Bhaagya is swinging on the wooden jhoola in the verandah in her new frock. Ma sews a new one for her everyday. Dada is on his chair in the lawn by the verandah, reading his newspaper and glancing at her before flipping to the next page. He is wearing the clothes he always wears, a dark coloured wool coat with special pockets and a matching turban. Bhaagya is distracted by a movement to her left. There is a long and thick black snake slithering towards her. She looks to her right and sees another one. She starts screaming now. Dada looks up from the newspaper and looks at her with his quiet smile and asks her to jump off the jhoola and run towards him in the lawn as fast as she can. So, Bhaagya runs into his arms.


She wakes up one morning. Pa and Chachu are carrying her Dada away on a stretcher. His face is covered with a white sheet. She tries to stop them. Ruko, Bhaagya says. But everyone is crying. She starts crying too.


Daily Herald, September 4, 1939

Bhaagya is living with Pa and Ma in Bombay now. They live in a square-shaped, cream-coloured building, next to the house of a big film producer. The big film producer’s house is surrounded by cashew-nut trees which border the left side of their yard. On the other side, there are rice fields and a hillock where crabs come and laze in the sun. The rice fields end abruptly at her school.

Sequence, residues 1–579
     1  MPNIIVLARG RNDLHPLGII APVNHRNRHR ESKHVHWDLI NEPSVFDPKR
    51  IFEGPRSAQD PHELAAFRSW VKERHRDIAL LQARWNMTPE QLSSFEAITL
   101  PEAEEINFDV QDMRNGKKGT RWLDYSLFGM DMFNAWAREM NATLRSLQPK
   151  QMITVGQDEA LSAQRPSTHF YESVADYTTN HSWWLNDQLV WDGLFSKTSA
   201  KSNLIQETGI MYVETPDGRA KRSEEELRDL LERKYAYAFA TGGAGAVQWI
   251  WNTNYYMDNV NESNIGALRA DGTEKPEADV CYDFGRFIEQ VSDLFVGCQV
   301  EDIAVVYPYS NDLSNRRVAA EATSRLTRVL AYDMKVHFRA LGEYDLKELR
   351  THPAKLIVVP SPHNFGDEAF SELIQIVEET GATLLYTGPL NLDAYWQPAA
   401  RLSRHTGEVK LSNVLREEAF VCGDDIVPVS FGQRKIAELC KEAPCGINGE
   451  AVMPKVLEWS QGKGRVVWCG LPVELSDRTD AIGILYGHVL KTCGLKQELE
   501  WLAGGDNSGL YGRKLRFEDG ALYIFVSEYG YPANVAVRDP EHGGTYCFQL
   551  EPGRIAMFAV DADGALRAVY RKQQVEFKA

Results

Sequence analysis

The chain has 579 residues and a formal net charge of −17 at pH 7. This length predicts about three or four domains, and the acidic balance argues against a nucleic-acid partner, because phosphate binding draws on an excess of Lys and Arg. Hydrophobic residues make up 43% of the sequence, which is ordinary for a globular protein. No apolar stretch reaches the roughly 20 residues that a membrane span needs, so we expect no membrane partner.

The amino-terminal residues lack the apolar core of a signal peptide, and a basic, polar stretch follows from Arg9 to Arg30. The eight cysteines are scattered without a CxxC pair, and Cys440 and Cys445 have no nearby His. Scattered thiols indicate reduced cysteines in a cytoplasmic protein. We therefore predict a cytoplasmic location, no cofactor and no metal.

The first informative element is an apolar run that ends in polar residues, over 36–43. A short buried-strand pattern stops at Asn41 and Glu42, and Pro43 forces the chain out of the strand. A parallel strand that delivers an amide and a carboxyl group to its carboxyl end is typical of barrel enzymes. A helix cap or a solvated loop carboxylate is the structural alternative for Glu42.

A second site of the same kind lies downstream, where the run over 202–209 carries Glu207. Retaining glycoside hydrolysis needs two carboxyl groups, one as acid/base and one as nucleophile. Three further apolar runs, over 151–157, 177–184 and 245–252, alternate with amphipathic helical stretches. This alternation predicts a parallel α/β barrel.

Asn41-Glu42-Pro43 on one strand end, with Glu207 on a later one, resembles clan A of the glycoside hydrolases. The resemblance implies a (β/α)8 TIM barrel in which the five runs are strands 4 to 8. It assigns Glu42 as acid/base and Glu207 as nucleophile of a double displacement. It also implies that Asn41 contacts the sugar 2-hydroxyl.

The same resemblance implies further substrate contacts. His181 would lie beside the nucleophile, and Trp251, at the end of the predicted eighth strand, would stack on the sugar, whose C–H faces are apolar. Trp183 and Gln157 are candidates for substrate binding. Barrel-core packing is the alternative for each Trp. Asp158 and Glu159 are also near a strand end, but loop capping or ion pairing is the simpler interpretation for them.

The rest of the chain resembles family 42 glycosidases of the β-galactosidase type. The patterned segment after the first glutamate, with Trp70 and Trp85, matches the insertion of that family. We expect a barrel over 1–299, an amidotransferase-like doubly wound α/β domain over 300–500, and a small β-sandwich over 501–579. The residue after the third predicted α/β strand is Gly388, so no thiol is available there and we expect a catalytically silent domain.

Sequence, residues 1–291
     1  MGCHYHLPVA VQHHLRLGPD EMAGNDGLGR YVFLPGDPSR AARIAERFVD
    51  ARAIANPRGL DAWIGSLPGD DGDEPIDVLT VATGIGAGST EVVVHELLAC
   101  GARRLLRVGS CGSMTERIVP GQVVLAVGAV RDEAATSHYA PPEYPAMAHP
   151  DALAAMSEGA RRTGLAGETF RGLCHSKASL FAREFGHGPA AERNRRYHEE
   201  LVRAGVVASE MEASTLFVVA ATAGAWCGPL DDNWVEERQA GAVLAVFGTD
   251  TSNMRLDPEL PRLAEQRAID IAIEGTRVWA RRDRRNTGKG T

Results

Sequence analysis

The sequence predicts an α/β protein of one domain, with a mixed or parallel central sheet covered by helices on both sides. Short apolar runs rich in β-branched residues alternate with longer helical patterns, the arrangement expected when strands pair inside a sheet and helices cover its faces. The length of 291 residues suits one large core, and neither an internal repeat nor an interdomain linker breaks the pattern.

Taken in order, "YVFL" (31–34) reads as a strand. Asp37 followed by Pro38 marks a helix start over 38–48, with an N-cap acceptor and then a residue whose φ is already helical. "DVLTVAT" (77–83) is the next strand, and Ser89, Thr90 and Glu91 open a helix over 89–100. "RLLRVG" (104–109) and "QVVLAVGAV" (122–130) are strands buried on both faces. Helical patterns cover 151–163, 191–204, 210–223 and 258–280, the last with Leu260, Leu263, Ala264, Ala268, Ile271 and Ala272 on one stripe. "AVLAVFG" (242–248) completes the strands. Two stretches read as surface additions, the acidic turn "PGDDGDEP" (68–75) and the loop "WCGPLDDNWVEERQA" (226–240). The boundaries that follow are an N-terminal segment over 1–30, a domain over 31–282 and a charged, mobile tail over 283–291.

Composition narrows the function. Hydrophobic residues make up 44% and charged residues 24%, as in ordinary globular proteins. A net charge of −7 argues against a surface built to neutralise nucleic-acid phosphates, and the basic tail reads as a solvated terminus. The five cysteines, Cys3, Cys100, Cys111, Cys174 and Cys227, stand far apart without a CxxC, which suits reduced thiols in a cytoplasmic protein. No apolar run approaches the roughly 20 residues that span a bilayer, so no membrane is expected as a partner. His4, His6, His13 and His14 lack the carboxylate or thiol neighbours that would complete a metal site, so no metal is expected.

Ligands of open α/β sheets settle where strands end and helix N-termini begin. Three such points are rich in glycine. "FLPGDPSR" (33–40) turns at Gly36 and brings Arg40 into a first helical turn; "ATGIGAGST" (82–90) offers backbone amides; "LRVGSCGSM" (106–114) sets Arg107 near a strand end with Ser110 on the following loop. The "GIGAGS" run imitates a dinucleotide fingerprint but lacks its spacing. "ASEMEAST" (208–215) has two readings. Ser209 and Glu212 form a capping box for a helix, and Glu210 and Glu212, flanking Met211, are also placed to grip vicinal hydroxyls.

She is running again. This time across the rice fields full of water – her preferred shortcut to school. Bhaagya’s shoes are laced together, hanging around her neck, she is lifting the edge of her frock, so that it does not get wet. Maya is running with her. She looks exactly like Bhaagya, only smaller with longer hair. They reach school after ten minutes of running and jumping off crabs, and wear their shoes before entering class. Ms. Lobo doesn't mind that she is late. Bhaagya is the star student of Ms. Lobo’s standard one class and she gets to sit on Ms. Lobo’s table sometimes.